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Br J Cancer. 2005 Aug 22; 93(4): 478–482.
Published online 2005 Aug 9. doi:  10.1038/sj.bjc.6602726
PMCID: PMC2361582

Construction of tissue microarrays from prostate needle biopsy specimens


Needle biopsies are taken as standard diagnostic specimens for many cancers, but no technique exists for the high-throughput analysis of multiple individual immunohistochemical (IHC) markers using these samples. Here we present a simple and highly reliable technique for constructing tissue microarrays (TMAs) from prostatic needle biopsies. Serial sectioning of the TMAs, called ‘Checkerboard TMAs', facilitated expression analysis of multiple proteins using IHC markers. In total, 100% of the analysed biopsies within the TMA both preserved their antigenicity and maintained their morphology. Checkerboard TMAs will allow the use of needle biopsies (i) alongside other tissue specimens (trans-urethral resection of prostates and prostatectomies in the case of prostate cancer) in clinical correlation studies when searching for new prognostic markers, and (ii) in a diagnostic context for assessing expression of multiple proteins in cancers from patients prior to treatment.

Keywords: prostate, cancer, needle biopsy, tissue microarray, immunohistochemistry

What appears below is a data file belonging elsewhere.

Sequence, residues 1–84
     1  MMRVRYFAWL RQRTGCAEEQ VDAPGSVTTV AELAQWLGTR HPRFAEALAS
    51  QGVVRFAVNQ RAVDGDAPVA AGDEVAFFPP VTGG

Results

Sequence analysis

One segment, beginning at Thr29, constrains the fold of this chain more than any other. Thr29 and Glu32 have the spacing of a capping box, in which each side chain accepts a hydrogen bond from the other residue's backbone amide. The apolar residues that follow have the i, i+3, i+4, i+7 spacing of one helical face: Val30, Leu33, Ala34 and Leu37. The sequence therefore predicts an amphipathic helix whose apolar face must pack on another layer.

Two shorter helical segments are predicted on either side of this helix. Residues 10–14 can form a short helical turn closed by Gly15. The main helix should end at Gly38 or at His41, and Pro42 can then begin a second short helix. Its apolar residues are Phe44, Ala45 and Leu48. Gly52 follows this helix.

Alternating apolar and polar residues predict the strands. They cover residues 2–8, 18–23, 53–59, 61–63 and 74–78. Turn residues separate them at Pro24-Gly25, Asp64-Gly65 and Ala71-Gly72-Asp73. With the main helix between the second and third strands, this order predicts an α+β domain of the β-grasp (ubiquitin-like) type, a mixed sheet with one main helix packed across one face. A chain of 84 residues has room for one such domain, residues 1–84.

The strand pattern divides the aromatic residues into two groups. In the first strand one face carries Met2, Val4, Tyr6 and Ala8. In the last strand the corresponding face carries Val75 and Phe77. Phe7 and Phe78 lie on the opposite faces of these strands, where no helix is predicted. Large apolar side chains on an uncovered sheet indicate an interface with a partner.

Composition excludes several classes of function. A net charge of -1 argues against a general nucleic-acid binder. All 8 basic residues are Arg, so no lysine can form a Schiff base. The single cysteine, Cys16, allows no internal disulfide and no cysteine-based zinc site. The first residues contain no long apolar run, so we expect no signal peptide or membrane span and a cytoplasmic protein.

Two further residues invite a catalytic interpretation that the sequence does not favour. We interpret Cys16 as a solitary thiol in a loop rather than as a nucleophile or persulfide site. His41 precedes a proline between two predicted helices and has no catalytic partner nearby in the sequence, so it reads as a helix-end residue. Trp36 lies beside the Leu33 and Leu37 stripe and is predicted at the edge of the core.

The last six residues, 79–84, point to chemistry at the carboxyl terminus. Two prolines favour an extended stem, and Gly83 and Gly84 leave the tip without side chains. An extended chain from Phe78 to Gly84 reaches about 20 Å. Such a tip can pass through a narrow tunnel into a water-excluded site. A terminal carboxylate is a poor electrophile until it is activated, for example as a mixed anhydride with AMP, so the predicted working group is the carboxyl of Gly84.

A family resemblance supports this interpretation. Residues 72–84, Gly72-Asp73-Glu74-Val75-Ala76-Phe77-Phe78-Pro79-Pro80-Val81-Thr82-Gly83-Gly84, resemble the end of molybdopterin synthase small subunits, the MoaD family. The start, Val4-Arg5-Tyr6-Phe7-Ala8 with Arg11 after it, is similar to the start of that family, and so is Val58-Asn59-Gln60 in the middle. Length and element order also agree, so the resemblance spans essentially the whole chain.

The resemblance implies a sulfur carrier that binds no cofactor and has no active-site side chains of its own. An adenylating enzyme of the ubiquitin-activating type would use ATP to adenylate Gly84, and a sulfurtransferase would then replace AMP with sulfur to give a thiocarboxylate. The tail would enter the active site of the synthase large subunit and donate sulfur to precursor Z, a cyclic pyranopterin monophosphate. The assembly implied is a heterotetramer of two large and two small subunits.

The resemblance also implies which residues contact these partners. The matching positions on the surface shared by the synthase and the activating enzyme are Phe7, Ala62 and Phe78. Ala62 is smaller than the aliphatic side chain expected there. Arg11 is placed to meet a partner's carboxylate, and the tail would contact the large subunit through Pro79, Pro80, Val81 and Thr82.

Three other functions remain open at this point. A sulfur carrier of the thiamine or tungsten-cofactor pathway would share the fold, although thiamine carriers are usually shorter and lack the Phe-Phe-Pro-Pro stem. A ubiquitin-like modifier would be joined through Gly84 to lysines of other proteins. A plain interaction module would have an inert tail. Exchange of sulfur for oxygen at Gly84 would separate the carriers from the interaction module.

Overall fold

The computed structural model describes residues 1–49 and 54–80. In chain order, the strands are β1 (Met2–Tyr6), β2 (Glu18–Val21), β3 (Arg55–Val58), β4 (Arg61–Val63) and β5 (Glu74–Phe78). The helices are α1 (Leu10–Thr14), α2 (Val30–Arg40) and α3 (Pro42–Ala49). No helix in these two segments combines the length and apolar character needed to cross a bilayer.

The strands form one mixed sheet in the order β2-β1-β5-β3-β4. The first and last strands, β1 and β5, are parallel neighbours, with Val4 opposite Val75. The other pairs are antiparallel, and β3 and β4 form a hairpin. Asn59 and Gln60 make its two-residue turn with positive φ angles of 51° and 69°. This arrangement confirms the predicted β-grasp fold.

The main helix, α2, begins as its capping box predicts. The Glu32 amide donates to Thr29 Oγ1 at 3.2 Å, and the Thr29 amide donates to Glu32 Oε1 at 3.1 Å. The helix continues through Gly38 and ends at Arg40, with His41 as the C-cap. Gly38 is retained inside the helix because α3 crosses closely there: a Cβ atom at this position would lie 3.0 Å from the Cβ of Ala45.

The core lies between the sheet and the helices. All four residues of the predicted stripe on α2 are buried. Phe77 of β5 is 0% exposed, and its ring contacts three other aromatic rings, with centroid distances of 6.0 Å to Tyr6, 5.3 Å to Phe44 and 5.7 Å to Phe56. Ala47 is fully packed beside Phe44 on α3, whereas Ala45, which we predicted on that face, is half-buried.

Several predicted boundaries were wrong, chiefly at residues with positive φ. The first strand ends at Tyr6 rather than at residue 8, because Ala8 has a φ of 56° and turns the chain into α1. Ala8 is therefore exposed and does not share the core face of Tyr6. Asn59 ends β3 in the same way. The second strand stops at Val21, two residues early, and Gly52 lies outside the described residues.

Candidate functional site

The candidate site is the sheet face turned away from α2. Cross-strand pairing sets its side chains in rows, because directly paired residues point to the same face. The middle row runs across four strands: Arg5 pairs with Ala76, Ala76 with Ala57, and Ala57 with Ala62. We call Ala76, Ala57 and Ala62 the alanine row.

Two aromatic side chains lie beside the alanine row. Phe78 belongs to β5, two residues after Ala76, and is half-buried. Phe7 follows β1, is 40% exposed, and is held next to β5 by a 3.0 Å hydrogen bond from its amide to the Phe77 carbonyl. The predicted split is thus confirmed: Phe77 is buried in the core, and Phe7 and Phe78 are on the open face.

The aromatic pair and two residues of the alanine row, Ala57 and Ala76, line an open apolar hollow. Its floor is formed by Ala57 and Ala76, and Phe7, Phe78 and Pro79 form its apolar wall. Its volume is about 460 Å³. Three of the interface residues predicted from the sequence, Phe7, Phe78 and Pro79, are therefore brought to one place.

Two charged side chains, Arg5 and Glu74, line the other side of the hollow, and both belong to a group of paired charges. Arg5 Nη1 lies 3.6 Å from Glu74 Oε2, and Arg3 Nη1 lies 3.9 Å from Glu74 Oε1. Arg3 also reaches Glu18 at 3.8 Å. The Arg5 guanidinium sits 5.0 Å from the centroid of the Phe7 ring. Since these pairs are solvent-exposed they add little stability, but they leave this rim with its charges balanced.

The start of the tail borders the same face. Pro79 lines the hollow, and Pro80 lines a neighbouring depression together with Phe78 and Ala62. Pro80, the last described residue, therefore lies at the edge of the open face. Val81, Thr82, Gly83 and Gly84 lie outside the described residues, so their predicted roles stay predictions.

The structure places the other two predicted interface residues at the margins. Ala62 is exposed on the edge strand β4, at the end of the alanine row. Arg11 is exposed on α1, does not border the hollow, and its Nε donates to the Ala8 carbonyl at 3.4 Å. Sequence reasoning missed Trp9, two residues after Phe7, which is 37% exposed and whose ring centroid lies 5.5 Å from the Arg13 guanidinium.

Needle biopsy specimens are taken at the time of diagnosis from many human malignancies, including oral cancer, breast cancer, sarcomas, prostate cancer and lymph node masses (Bostwick, 1997; Morrow et al, 2002; Neville and Day, 2002; Cormier and Pollock, 2004; Jereczek-Fossa et al, 2004). In prostate cancer, for example, examination of needle biopsy specimens yields valuable information, including Gleason grade and the tumour extent, that facilitates decision-making on the appropriate treatment. A major current problem in prostate cancer is to predict the behaviour of early and potentially localised disease (Yao and Lu-Yao, 2002). Some cases may remain dormant for many years without progressing, while others will progress rapidly to metastases. It is therefore important to identify the patients who need to be treated and separate them from those who can be managed by active surveillance, thus sparing the latter of the adverse consequences of unnecessary treatment (Dearnaley and Melia, 1997; Parker, 2004). If tests are to be developed that will allow the prediction of clinical behaviour of patients diagnosed with prostate cancer, for example, following prostate-specific antigen (PSA) screening, it must be possible to perform the test on biological specimens obtained from the patients at the time of diagnosis, which would usually only include trans-rectal ultrasound (TRUS)-guided needle biopsy specimens, blood or urine.